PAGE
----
Off course, a tripod is a must since you’re shooting with several seconds of exposure. I have a cheap ball head tripod from some Asian company that can’t really replace a branded one such as Manfrotto, Gitzo or Benro. However, it is really stable and surprisingly light. Weight is important since as in my case, you may have to drag it up a few thousand feet along with the rest of your gear.
Other things I did included stabilizing the tripod by attaching some weight to the hook at the end, using a remote release (intervalometer) and covering up the eyepiece with the provided rubber. This last step ensures that no stray light from your torch entering the viewfinder ruins the shot.
I took several shots, some at f/2.8, others stopped down to f/3.5 just to see the difference, though there wasn’t much in the final shots and I suggest just shooting at f/2.8 (or whatever maximum you can achieve). I also had Long Exposure Noise Reduction (LENR) turned on to reduce noise buildup.
I keep the white balance set to “Cloudy” for most shots, though star light is usually around the same temperature as the sun so it was later changed to “Sunny”. A custom white balance can be a pain (especially for Canon users), though if your camera supports shooting in RAW format, the white balance and other parameters can be fine-tuned later on.
First of all, auto focus is pretty much useless here. Unless you and your camera can find a really bright star or another high contrast object that is visible in the tiny viewfinder, the camera will keep trying to auto focus without success. So manual focus is a must here.
Ever since I discovered live view focusing, my shots have been a lot better focused and sharper. For astrophotography however, it may be too dark to see much on the screen. You can either focus using the focus scale set to around “infinity” or try to locate a bright star on the LCD, zoom in and turn the focus ring until you get a clear, sharp dot.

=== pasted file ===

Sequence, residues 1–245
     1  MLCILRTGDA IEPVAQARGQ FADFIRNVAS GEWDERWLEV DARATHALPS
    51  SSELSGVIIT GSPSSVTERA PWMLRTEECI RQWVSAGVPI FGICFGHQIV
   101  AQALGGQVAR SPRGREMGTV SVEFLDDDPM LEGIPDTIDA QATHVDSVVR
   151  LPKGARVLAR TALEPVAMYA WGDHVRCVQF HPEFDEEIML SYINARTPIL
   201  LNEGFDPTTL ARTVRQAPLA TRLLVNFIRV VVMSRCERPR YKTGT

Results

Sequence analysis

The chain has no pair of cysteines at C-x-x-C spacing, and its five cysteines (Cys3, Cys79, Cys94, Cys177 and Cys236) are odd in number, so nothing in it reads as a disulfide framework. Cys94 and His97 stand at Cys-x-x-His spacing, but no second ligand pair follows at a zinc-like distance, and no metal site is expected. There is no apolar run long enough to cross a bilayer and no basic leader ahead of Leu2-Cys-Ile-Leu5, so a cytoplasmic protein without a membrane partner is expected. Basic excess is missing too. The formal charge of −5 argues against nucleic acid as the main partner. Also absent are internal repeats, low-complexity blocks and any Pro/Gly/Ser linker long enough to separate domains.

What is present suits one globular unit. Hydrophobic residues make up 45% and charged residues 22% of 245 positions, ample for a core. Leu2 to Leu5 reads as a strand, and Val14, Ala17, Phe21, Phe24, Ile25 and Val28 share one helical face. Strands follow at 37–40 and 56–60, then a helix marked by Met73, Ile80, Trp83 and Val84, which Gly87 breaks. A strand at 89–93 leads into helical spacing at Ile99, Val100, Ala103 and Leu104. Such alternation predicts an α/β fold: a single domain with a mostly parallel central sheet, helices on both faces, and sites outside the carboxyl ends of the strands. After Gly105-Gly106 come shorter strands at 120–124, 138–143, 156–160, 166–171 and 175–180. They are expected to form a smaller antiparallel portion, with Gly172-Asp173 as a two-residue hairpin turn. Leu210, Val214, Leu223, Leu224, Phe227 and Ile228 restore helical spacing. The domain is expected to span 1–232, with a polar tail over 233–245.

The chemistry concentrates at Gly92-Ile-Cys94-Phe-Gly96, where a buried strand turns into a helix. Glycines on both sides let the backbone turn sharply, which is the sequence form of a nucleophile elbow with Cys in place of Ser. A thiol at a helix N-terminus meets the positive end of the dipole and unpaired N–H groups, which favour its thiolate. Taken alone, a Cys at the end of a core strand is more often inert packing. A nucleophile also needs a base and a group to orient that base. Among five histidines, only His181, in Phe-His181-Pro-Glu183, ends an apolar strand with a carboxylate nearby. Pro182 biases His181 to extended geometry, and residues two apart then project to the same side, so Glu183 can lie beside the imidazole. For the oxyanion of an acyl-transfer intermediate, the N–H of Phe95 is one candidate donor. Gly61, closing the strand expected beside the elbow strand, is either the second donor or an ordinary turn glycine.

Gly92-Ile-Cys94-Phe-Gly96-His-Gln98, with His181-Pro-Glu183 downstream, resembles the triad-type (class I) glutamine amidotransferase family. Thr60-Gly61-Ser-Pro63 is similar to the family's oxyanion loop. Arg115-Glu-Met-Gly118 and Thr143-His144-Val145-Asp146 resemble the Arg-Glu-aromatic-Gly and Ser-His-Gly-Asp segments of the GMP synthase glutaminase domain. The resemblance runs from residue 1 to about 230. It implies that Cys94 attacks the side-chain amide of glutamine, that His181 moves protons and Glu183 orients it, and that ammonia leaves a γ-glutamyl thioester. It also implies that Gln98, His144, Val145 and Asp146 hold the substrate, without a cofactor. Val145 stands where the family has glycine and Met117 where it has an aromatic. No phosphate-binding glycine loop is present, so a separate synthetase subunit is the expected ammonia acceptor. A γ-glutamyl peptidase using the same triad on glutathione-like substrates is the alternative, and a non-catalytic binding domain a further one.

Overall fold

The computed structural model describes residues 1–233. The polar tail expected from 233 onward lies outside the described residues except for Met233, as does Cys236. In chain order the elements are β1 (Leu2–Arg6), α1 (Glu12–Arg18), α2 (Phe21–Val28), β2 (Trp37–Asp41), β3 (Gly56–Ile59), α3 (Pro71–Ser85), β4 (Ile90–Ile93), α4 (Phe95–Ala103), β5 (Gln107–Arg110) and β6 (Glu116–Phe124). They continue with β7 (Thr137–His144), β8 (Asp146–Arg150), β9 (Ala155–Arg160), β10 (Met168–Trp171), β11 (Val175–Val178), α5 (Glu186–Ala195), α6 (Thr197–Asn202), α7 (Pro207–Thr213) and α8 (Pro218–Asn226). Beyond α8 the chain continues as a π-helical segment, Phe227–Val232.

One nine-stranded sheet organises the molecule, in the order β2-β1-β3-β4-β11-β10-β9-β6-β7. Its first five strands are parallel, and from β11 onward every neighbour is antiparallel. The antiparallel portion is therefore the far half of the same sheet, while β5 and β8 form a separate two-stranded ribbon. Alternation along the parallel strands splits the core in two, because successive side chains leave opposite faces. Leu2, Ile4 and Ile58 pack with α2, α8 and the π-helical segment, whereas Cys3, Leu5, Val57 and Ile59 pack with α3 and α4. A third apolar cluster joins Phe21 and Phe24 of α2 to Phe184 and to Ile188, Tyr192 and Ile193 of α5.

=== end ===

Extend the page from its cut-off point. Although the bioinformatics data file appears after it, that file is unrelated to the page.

Failing that, the only option left is the tedious trial and error method. That is, take a shot, slightly change focus, take another shot and compare it to the last one. Repeat until you have sharp exposure.
Though it couldn’t be used for focusing, the viewfinder was very useful for composing the shot. So best thing to do would be to use live view to focus and then look through the eyepiece to compose and frame the shot.
Shooting the Milky Way alone doesn’t seem very exciting. Adding an object in the foreground gives it some depth and perspective. This is why I included a silhouette of a tree in most shots. Light painting the foreground objects is also a nice way to bring out the shots. Unfortunately, I only had a small LED flashlight which wasn’t very powerful and gave a much whiter effect, compared to the Milky Way’s warmer tone.
I’m not much for very fancy post-production or “Photoshopping”. However, you will need to adjust the white balance, exposure and contrast a little to bring out the details. You may also need to use a noise reduction software/plugin, depending on how good your camera handles high ISO noise.
I can’t wait to get another shot at this and try to improve on what I achieved from this trip. There isn’t much I would change, but I would be better prepared for any light painting. Maybe with a more powerful flash lights with varying degrees of temperature. Would also light to get some good star trail pics. Till next time.